It is no secret that the global pandemic has hit fashion brands hard. With the UK now officially in a recession, and our shopping habits impacted by it (this is how much we’ve spent on clothes during the lockdown), some of our favourite high street stores are likely going to disappear, while even luxury brands are struggling.
However, cult handbag and shoe brand Manu Atelier has proven that it’s not all bad, and that if you can adapt quickly enough and listen to your audience’s needs, you can actually thrive. From generating at-home campaigns with famous influencers, to designing new styles that will stand the test of time, the brand’s founders, sisters Beste and Merve have been extra reactive, and creative.
Here, they talk us through everything they’ve been doing in lockdown.
What challenges did you face with Covid-19?
We work with a very wide network from producers to retailers and Covid has affected every single part of that network. The final product goes through many different stages until its final release. From our side, we do have two different production houses: one in Turkey and one in Italy. We had to stop all of our production for months. The actual challenge started from the first link of the chain. However we learned how to recover quickly and turn this period into an advantage. As designers we appreciated this time to find a bit of headspace and research for our future collections and even maybe rethink our business model.
You adapted your digital campaign very quickly, inviting friends of the brand to pose at home. Can you tell me how that came about?
We were actually planning to organise a Summer trip with our #manuspeople community and celebrate our new collection properly as it has lots of newnesses. However, due to the current situation, it got cancelled and therefore we decided to create a digital project instead and work with the women who inspire us with their vision and their way of wearing and appropriating our pieces (main imaged, from left to right, Slip Into Style, Jeanette Madsen and Xiayan). It was a lovely way of showing a sneak peek of our Pre-Fall 20. It was really nice to see our new bags and shoes combined with everyone’s different styles. And it’s always inspiring to see our products on them. Apart from this project, we finally shot our AW20 campaign (below, styling by Alex Carl, photography by Lena C. Emery and model: Lola Nicon).
Has this served to highlight how important social media is for you as a brand?
Of course! We were always aware of it even before launching the brand in 2014, but we realised it again during this period. It is the way of direct communication for brands in today’s world and it’s really important to communicate with the people constantly and be transparent. There has to be a sincere bond between us and #manuspeople.
Although designed for women, men carry your bags too, is gender neutral fashion something you want to highlight?
Yes, it’s very exciting to see our bags on men as much as women. We did not set out with this aim, but we never made a sharp distinction on genders. It is a fact that we address our audience as #manuspeople since the beginning which also symbolizes our purpose to break down the gender walls.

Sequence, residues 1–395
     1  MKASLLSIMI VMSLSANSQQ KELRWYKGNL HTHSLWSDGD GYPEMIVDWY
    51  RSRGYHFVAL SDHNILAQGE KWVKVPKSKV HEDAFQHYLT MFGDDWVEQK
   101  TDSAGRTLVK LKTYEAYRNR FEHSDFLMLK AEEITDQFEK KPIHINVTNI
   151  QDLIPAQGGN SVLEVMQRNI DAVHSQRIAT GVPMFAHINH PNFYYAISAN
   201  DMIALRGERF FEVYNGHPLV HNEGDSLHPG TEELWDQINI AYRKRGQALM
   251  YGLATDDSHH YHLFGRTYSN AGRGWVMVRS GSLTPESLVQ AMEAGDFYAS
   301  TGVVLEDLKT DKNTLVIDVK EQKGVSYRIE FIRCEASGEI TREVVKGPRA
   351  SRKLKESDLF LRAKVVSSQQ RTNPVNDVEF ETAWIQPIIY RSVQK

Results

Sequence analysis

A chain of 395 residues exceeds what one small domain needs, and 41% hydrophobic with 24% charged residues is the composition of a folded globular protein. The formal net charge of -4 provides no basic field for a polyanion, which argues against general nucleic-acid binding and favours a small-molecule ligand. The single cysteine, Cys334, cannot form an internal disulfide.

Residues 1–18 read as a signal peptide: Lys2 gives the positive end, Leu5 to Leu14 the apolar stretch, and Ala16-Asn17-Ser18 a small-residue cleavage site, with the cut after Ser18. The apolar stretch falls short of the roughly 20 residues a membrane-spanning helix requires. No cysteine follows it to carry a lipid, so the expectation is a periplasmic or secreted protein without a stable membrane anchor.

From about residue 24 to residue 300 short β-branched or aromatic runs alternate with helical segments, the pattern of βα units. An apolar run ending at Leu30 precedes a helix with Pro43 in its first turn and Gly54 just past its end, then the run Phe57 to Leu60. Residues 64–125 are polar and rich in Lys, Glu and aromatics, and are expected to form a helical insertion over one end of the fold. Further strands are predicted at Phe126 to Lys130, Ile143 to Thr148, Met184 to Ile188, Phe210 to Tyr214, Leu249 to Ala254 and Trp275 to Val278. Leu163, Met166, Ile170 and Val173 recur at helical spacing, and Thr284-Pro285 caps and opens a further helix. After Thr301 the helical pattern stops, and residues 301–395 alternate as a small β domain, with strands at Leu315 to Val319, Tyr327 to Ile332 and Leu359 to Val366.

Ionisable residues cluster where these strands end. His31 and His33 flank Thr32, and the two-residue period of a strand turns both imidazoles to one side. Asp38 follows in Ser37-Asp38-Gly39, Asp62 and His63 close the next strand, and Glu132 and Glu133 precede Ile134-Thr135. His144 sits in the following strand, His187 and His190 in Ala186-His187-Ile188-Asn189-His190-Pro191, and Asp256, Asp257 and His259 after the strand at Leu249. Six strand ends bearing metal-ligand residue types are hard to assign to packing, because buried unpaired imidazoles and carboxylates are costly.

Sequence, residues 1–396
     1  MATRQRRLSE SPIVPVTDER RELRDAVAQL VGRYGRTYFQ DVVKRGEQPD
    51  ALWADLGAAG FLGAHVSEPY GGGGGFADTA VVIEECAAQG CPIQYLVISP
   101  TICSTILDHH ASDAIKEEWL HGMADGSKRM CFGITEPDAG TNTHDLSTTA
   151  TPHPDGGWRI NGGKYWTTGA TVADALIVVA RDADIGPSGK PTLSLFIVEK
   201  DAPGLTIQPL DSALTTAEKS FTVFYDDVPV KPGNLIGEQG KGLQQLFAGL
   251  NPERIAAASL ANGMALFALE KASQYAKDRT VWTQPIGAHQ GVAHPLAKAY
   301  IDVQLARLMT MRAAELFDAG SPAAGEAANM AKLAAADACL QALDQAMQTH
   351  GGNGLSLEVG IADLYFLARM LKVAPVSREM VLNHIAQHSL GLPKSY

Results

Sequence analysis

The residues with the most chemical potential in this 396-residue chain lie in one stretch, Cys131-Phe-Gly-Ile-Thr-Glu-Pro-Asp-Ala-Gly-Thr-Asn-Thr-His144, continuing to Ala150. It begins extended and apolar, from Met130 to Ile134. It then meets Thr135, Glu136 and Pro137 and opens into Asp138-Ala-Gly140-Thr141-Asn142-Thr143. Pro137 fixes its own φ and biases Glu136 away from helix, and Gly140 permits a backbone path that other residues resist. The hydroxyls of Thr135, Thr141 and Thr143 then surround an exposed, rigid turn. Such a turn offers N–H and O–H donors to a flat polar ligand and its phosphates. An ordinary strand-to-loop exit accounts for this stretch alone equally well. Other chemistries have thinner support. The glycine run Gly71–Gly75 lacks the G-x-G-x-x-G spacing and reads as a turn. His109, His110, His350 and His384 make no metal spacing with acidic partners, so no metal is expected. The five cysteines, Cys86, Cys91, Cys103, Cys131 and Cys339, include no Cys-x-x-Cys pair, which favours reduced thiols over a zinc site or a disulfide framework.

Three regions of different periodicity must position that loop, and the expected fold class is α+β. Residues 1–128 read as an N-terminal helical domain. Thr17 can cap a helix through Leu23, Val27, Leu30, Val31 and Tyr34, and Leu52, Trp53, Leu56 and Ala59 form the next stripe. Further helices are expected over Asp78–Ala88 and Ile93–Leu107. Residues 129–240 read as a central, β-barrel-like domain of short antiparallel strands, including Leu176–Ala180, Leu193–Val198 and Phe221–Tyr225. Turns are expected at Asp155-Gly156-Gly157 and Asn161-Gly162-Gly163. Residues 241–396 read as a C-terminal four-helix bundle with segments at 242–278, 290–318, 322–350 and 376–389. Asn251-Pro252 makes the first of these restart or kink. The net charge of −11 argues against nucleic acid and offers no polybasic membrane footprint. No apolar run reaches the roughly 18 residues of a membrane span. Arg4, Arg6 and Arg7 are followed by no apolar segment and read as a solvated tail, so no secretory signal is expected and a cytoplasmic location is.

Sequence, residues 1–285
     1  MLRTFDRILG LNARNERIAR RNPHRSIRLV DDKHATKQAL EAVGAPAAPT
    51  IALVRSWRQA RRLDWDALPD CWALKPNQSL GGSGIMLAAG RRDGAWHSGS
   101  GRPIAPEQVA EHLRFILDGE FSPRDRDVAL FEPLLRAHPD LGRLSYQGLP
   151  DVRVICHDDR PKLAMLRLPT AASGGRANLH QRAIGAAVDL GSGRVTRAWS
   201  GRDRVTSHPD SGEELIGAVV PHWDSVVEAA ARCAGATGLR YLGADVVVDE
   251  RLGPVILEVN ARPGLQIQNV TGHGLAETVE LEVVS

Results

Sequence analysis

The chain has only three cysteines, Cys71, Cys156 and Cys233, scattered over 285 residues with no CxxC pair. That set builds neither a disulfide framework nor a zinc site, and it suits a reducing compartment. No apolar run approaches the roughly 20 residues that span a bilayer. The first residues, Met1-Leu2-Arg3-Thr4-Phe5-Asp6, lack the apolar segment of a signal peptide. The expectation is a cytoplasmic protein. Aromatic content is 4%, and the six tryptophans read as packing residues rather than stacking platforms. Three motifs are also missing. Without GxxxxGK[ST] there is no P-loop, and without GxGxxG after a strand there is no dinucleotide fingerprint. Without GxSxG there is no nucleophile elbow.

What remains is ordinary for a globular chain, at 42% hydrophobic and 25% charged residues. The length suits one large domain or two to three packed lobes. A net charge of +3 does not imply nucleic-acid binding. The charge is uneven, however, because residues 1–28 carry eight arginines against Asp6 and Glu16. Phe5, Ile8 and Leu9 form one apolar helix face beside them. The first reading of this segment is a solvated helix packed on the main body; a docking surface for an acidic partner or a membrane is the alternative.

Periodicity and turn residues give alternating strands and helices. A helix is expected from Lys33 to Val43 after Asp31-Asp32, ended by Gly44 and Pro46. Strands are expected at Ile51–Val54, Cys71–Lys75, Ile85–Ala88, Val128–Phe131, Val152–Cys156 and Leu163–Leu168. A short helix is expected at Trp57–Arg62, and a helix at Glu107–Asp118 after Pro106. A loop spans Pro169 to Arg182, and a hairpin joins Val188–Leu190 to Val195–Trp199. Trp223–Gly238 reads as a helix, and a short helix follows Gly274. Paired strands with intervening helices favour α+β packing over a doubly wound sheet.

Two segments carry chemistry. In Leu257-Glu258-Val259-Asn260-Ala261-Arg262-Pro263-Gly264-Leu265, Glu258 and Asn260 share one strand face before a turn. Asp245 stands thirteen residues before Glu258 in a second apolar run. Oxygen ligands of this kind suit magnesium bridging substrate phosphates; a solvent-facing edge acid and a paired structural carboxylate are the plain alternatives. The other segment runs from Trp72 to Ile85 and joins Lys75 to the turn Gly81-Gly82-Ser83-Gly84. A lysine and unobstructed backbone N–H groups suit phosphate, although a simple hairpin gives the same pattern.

I love the fact you updated old styles as part of your new collection, as well as introducing new designs. Is this a conscious move towards sustainable or season-less fashion?
During the design and production processes we always focus on creating long-lasting and timeless pieces. As a brand, we aim to create products that can accompany us all life-long. And yes, we believe sustainable thinking should be part of our lives. Next to new products, we will be keeping some of our signature models, revised with a little newness and continue to show them throughout the seasons.
You will be presenting your collection digitally at PFW, how do you feel about it?
Considering the current situations we will indeed present our SS21 collection digitally for the very first time. It’s difficult to comment on this because we have not experienced this yet. We are really excited and will see how it will end up. Still, we feel lucky that we are living in the digital age and still have the opportunity to present our collections, but we still believe in gathering with our international press, buyers and fashion community during actual presentations – showing them our new collection in person has a priceless taste and feeling.
Do you think fashion as an industry will change due to the virus?
It has already changed and is currently transforming. We believe that these developments will be positive at some point, like raising awareness of some issues that drove our environment into a disaster. Even though it has become a trendy topic, the importance of the sustainability is now being reviewed and adopted by all brands. New age remote campaigns, digital presentations, runways and even digital events showed how fast the fashion industry can adapt to the unexpected situations and changes.
With that in mind, do you think you will change your own way of working?
Even during the normal circumstances we always valued the importance of digital projects and we will always keep them as a priority. Regarding production phases and techniques, we can say there will not be any dramatic changes in the near future. We aim to keep our ecological and sustainable cutting and production techniques as how we have been implementing them. Additional to this year’s changes we reduced to one collection from next seasons. Normally we were doing Pre-Spring collection, but this year we won’t have it.